Sunday, April 25, 2010

Why Atomic Weapons Are Such A Conundrum

Y-12 gears up to dismantle B53 bomb parts | Frank Munger's Atomic City Underground | A fun read. Wow, that's a big ol' bomb! Just look at that photo. You'd need a honking-big plane or missile to deploy that puppy.

Nine megatons. My students have no clue about what an atomic weapon can do (thank God). I tell them that the Oklahoma City bomb was the equivalent of 5-10 sticks of dynamite, each weight about a pound. Now, a ton of dynamite/TNT would be 2000 sticks. A kiloton is a thousand tons, so that would be equal to ("I was told there'd be no math....?") 2,000,000 sticks. Hiroshima was 15-20 kilotons, so that's 30-40 million sticks. A megaton is a thousand kilotons, so a nine megaton hydrogen bomb like the B-53 would be 9 x 1000 x 2,000,000. That's 18 billion sticks of dynamite. How many acres would that cover to a depth of one foot?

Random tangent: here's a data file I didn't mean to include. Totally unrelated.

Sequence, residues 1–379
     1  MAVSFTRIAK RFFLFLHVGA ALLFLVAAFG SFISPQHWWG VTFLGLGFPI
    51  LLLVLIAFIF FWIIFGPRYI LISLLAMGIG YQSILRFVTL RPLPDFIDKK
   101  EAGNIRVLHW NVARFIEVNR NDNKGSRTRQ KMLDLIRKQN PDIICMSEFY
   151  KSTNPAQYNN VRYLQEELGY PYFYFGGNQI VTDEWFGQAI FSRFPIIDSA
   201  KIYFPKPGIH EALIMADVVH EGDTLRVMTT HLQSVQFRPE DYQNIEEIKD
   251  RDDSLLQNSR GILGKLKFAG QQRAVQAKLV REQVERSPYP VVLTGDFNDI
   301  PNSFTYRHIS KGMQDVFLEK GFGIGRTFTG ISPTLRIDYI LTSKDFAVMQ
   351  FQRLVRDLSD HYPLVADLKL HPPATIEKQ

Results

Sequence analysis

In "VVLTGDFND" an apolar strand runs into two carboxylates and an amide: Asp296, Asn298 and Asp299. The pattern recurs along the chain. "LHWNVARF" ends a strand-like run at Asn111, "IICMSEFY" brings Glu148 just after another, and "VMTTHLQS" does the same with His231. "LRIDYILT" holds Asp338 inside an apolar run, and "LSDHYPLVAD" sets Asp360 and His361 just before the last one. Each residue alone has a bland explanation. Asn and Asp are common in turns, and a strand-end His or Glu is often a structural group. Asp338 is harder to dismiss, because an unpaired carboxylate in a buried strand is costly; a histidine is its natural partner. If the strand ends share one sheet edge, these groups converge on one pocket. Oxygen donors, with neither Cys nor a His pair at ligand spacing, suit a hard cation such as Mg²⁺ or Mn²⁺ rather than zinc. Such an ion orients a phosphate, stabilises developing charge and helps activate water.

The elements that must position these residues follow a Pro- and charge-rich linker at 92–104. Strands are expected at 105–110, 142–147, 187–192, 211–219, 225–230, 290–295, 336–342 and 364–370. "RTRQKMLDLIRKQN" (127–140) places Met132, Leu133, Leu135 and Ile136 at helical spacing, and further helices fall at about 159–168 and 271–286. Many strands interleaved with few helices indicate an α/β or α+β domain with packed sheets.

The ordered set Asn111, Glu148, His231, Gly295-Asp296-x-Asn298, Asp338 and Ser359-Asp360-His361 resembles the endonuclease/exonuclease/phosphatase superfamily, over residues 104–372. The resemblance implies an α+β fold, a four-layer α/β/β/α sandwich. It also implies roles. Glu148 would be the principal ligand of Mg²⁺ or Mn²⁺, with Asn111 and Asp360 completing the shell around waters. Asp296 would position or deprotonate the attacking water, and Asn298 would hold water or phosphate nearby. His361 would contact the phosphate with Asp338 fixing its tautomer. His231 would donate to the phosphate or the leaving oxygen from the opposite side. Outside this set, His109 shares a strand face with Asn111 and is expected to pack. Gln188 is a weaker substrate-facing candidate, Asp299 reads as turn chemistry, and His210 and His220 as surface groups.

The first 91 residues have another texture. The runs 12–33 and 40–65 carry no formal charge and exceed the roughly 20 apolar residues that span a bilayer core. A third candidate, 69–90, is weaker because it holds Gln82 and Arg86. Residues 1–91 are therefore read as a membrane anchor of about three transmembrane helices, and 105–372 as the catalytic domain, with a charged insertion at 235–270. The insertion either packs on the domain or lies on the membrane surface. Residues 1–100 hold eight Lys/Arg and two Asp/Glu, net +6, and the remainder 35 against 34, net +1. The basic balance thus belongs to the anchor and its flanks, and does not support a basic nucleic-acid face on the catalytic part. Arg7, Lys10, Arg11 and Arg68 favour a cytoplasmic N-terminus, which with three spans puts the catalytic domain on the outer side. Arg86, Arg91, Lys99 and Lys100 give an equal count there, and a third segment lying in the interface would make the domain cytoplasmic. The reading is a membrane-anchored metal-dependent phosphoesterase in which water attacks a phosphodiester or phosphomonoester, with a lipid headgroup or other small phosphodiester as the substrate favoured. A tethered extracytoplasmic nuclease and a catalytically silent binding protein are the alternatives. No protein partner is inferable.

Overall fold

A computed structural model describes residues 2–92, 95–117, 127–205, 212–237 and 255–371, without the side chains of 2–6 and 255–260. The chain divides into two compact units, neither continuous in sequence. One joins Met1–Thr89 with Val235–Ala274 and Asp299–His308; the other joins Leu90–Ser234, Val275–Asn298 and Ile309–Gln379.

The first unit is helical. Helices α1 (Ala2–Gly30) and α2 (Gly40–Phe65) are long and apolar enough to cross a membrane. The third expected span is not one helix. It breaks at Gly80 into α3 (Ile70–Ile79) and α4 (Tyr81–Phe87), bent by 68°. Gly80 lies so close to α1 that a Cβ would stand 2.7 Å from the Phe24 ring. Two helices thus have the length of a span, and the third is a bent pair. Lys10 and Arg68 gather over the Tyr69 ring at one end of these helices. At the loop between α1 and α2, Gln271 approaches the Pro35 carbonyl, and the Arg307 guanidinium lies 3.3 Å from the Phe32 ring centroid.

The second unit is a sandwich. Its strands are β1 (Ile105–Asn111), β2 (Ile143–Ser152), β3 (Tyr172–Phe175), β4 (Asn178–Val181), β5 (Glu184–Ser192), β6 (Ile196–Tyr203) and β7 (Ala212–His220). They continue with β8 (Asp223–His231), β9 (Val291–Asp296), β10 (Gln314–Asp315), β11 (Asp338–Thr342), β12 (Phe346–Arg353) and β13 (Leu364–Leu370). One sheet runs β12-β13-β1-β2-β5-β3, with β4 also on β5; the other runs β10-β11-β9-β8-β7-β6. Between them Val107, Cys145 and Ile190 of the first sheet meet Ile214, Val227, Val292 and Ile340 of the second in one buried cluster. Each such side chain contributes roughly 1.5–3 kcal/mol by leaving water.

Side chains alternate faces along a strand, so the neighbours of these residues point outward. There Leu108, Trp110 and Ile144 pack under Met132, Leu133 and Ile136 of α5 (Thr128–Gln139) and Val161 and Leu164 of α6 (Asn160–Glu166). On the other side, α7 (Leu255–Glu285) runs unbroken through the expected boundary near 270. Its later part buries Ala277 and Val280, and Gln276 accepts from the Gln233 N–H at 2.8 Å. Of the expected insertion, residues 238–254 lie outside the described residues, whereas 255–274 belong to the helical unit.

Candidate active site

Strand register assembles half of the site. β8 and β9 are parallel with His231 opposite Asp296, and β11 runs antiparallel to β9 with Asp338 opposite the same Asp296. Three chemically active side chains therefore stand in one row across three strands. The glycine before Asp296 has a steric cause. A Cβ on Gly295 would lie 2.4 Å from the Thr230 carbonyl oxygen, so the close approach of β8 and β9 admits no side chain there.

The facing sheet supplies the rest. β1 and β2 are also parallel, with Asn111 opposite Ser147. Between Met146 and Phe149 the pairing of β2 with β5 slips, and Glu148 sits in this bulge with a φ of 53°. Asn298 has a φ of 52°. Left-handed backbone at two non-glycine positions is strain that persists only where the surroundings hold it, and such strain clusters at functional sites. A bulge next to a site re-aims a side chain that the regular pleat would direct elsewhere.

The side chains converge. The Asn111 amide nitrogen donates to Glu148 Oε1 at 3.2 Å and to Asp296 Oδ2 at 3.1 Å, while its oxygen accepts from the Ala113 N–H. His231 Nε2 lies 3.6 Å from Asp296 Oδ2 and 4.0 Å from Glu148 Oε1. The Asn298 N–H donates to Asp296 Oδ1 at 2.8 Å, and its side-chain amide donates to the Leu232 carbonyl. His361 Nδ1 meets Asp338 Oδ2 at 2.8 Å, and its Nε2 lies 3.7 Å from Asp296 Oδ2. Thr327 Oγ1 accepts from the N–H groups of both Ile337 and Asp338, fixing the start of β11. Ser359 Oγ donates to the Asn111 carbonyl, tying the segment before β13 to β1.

So much power, my students wonder. Why did they ever develop it? "Because would you want to be caught without one if Hitler had one?" And there's the rub: the inevitable peacenik leap logic follows from one of my students that "then we should all agree to ban the bomb!" "What would you do if someone broke the ban?" "Uhhhhh..." And then at the end, I make the point of arguing thusly: if the Cold War and its ensuing consequences were so horrible, think how much more horrible it could have been if neither the United States NOR the Soviet Union had feared annihilation. Particularly someone like Stalin...

The Big One: too scary to use, but equally scary not to have.

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